Belongings v. Belonging

Owning a lot of stuff can give you a temporary feeling of being happy. But when you start to collect a lot of belongings, the burden can feel overwhelming, says a person who moved three times during the Pandemic :). And, the more we own, the more we demand of the earth to support us.

In Braiding Sweetgrass, author Robin Wall Kimmerer muses on ways in which our relationship with the earth is reflected in our relationships with others. Being caring and conscientious with our natural environment gives us a feeling of belonging to the earth. She gives beautiful examples of how we have co-evolved with the earth – where we need the earth and the earth needs us.

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Is it time to take a baby step?

When making a change feels overwhelming, trust that if you take one baby step in a new direction, other steps will follow. This is true when you’re considering a new habit. Decluttering your house. Changing jobs. Or moving across the country!

One step… you make a decision.

One step… you’re facing in a new direction.

One step… you’re a tiny bit closer to a goal.

What’s vital is that you choose each step with intent. What do you want to get done in the long run? And what’s one small step you can take today to get going?

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I’m back!

It’s been almost a year since Covid bounced me off my writing path and I ended up back in Portland, Maine. It’s been an insightful year despite the restrictions of a pandemic. Before I left to travel and write, I got divorced, sold my house, and quit my job. So when I came back to Maine, I had no responsibilities and no agenda. What’s an organizer to do with no agenda?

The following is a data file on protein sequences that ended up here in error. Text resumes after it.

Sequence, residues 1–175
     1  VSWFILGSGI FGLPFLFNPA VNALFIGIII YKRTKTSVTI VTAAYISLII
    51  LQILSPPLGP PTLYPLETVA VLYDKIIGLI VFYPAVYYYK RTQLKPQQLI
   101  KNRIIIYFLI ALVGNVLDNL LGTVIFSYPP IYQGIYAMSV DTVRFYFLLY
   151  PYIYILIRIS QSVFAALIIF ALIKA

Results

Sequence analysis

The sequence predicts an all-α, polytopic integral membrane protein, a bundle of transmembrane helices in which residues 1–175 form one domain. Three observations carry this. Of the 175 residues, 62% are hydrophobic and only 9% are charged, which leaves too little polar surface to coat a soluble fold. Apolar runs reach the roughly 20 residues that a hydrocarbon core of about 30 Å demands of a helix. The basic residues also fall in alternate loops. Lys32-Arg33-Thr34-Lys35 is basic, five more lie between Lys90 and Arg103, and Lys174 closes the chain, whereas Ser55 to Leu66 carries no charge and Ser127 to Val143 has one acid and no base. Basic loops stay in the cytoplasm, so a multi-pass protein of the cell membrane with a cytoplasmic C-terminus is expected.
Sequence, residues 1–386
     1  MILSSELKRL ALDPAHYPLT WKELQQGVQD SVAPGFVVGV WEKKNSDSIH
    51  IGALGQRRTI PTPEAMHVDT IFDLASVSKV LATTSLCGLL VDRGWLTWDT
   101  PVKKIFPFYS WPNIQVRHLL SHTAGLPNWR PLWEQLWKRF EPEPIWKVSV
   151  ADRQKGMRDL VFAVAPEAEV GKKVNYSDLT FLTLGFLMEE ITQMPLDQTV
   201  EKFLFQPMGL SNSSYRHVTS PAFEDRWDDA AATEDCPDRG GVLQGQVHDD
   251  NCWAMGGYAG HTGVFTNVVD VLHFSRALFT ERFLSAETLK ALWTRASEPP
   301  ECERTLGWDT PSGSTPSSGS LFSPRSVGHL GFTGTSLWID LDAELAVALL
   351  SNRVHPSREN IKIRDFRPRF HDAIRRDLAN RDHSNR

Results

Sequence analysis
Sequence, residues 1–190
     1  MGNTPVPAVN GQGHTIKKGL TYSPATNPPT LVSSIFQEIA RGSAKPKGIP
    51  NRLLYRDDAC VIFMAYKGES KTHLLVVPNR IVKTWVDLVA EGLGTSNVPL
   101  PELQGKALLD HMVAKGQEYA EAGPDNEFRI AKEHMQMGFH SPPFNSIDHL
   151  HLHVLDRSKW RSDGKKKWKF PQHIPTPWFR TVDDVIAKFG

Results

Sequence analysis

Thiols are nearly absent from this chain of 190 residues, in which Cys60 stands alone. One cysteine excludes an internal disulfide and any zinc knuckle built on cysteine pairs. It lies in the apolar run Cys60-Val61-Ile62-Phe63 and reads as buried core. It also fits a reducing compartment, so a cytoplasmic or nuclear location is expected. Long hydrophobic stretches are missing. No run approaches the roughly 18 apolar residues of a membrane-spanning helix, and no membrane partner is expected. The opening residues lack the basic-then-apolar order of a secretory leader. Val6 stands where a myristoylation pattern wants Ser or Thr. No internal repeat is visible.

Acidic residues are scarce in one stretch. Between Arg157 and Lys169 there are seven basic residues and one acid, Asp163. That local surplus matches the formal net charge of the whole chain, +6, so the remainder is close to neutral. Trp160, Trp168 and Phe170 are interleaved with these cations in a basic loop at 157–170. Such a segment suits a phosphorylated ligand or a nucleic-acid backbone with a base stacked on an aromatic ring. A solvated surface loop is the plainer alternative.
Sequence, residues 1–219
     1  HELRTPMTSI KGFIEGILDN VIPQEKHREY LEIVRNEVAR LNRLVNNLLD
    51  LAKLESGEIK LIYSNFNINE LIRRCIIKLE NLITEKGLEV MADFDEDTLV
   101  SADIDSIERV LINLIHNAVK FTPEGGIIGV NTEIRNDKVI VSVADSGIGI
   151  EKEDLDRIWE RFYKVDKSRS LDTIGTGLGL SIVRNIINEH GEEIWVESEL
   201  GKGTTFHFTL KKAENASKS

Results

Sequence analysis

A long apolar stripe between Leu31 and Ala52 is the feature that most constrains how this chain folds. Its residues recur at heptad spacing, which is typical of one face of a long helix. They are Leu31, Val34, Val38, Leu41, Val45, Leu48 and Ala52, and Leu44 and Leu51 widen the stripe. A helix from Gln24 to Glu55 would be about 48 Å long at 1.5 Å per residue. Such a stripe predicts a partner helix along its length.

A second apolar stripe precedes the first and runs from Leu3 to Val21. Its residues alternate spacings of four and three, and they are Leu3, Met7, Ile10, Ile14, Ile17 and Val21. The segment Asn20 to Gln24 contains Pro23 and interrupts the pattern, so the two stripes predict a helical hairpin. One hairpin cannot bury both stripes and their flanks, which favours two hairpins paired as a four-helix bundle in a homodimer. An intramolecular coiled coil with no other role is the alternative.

I wrote – not the book I intended to write based on history and travel – but a book called Organizational Zen (which has the fun nickname of OZ!). OZ captures the essence of what I write about in this blog. How do you get to your best work? How do you stay calm amidst chaos? How do you remain joyful in the face of life’s many challenges and uncertainties?

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Same dream; new plan

I’m a planner, as you may know. I like to keep things organized and to get a lot done each day. This year, I decided to put aside a busy life and have just one thing on my list: write a sequel to my Gunny Malone novel. In order to clear my list, my plan was to travel and write-in-place. To be inspired by the places I was writing about including rounding Cape Horn on a ship. To write as I followed the trail west from Virginia to San Francisco. To write as I spent time in Alexandria, Virginia, Washington, DC, and Charleston, South Carolina. And to write while living for a month on the Dingle Peninsula in Ireland.

I had worked on my plans for about a year. I had an over-sized map on my wall with places I wanted to go, things I wanted to see, and people I was going to stay with. I got camping equipment and a new car for the journey, one I could sleep in if necessary. I quit my job. I sold my house. And I hit the road on February 26th. Continue reading

Why don’t I?

I love when you find and make time for high energy projects whether it’s work you’re paid for or work you choose to do on your own. And I deeply believe that when you get organized you do your best work because you’re choosing how to spend your brief time here on Earth.

Luggage for today